Qatar’s Amir Awarded Highest Chad Honor for Success in Peace Negotiations

Qatar’s Amir Awarded Highest Chad Honor for Success in Peace Negotiations By Harshita Kaur - August 15, 2022
Qatars Amir Awarded Highest Chad Honor for Success in Peace Negotiations

Qatar’s Amir Awarded Highest Chad Honor for Success in Peace Negotiations

On Saturday, Qatar's Amir, Sheikh Tamim bin Hamad Al Thani, was given the Chadian National Order of Merit for his country's contribution in enabling successful peace talks.

According to Qatar News Agency (QNA), Mahamat Idriss Deby Itno, President of Chad's Transitional Military Council (TMC), was also honored by the Amir for signing the Doha Peace Agreement last week.

Abdul Sattar Saleh Al-Ansari, Charge d'Affaires at Qatar's mission in Chad, received the honor from Deby.

Following five months of preliminary discussions in the Gulf state, the Doha Peace Agreement was signed last week in Qatar between the government and rebel organizations.

Following agreement among the participants to the discussions, Qatar was appointed as the mediator.

Qatar's Foreign Minister, Sheikh Mohammed bin Abdulrahman Al Thani, presided over the signing, while his Chadian colleague, Mahamat Zene Cherif, represented the African nation.

Sheikh Mohammed said, “History has taught us that the solution to the Chadian crisis by military force is ineffective, and that the only way is through constructive dialogue through the negotiating table and achieving a comprehensive political settlement among all segments of the people of the Republic of Chad.”

Qatar was praised globally for enabling the signature, notably by rights organizations and nations.

The agreement was critical in laying the groundwork for elections and was required prior to the national conversation. Following several delays as the parties in Doha failed to achieve an agreement, the national conversation is planned to take place in Chad on August 20.

In a news conference following the agreement, Chad's foreign minister stated that "Qatar utilized all of its capabilities to push the peace track forward" through diplomacy. He also stated that "more than 1,000 people" will attend the Chadian national forum.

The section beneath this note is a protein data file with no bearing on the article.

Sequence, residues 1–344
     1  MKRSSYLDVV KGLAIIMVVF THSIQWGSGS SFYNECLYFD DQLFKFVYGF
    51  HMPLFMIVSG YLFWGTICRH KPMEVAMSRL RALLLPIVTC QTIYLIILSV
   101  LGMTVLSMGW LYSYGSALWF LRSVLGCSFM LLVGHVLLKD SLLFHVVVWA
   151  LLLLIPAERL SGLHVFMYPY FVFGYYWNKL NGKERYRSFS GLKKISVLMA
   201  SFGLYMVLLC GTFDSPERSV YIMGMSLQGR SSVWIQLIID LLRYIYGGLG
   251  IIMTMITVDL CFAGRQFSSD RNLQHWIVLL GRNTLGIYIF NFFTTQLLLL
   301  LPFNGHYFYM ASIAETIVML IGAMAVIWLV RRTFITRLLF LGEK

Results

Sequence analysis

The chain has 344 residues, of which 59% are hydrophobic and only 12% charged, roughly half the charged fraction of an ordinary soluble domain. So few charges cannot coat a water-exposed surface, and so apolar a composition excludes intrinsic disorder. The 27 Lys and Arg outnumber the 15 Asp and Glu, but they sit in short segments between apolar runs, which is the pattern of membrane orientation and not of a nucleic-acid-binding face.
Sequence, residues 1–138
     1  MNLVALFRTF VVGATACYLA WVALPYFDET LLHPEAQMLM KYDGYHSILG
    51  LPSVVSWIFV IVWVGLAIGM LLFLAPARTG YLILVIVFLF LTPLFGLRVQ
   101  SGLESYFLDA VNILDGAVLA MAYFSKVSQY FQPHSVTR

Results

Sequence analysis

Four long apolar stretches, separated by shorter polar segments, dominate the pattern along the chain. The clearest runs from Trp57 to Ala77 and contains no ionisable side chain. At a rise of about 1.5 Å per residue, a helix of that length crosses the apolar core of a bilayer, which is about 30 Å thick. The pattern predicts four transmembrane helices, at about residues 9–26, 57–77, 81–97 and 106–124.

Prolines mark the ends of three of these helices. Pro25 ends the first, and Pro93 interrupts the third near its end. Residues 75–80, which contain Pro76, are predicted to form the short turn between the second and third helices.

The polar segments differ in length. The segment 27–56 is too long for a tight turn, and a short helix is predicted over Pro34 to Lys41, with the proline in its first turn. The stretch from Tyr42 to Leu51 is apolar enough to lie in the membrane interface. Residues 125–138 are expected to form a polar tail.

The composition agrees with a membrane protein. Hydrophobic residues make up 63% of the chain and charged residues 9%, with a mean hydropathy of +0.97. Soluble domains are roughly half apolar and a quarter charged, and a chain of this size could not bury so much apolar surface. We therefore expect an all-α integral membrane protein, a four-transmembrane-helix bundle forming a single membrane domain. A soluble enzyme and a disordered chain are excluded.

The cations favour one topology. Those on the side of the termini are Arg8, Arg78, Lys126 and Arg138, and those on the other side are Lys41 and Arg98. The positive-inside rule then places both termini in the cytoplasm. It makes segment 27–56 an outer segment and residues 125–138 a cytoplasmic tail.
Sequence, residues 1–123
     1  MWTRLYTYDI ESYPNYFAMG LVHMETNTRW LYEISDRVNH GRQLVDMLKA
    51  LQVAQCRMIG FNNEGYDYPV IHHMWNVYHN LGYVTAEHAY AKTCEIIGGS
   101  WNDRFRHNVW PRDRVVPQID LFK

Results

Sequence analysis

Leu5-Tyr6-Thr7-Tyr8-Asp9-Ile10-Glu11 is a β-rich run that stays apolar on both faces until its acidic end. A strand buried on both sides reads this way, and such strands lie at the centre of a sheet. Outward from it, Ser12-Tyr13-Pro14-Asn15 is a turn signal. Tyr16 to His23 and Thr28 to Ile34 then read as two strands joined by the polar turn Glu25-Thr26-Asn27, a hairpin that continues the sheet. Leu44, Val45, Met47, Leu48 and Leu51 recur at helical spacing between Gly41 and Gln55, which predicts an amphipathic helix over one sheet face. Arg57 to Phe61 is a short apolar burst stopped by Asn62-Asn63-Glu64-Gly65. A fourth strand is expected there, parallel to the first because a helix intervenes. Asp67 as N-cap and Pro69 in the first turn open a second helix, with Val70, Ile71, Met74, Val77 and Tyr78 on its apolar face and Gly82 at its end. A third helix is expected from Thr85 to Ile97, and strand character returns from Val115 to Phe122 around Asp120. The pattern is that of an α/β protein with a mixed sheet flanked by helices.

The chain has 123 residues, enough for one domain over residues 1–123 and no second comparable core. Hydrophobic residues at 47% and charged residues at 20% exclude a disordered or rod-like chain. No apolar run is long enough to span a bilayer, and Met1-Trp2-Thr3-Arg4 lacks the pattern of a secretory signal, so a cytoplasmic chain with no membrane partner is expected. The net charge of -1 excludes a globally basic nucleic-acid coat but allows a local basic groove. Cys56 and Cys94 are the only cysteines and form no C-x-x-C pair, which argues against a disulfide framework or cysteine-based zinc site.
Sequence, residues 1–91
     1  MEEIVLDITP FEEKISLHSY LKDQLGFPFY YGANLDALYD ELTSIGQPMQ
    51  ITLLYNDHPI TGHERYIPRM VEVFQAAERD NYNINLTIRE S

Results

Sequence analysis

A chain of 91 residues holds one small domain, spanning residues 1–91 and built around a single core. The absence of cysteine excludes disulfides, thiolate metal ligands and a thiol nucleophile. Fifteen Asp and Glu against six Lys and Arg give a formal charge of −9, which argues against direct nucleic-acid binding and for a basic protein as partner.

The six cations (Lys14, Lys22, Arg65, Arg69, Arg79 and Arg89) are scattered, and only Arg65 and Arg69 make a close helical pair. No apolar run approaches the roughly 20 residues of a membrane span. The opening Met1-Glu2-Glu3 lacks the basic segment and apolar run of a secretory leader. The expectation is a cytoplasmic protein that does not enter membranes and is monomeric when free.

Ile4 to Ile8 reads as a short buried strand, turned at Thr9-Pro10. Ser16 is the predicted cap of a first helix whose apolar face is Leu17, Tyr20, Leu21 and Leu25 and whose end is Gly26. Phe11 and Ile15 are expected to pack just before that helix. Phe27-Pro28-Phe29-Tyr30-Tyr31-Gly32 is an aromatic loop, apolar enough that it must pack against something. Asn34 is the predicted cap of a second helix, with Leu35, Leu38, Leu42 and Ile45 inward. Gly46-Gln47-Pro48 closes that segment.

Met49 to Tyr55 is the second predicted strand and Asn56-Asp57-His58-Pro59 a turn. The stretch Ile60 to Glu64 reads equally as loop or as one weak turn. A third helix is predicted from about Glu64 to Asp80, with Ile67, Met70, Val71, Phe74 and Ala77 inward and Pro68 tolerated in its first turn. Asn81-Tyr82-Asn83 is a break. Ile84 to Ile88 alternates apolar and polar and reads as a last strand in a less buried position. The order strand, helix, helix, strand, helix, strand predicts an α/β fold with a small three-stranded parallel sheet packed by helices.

The Front for Change and Concord in Chad (FACT) rebel faction refused to sign the peace treaty. Former Chadian President Idriss Deby was killed last year after combat between the government and FACT rebels.
For years, the organization had planned to depose Deby.

Foreign Minister Zene told the press in Doha that “those who rejected signing the agreement just missed a very big and important historical opportunity to be part of this process.”

Qatar-Chad ties
Qatar and Chad reestablished diplomatic relations in early 2021, after the latter severed ties with the Gulf state during a Gulf Cooperation Council (GCC) conflict in 2017.

Chad had accused Qatar of attempting to destabilize the country through neighboring neighbor Libya. Doha, on its part, said N'Djamena was engaging in "political blackmail against the State of Qatar."

The United States applauds Qatar for effectively mediating the Chad peace accord.

Qatar's position as a mediator in Chad dates back to 2009, when it sponsored the signing of the "Doha Accord," also known as the "Darfur accord," between Khartoum and N'Djamena.

The deal, co-sponsored by Libya, was signed in 2008, during tensions between Sudan and Chad, with both accusing the other of aiding insurgent organizations and rebel assaults within their borders.

Chad has long accused Sudan of backing rebels seeking to depose late President Deby, while Sudan has accused Chad of backing insurgents in the western area of Darfur.

In 2020, the Gulf state held a number of negotiations between opposing groups, including the US and the Taliban.


By Harshita Kaur - August 15, 2022

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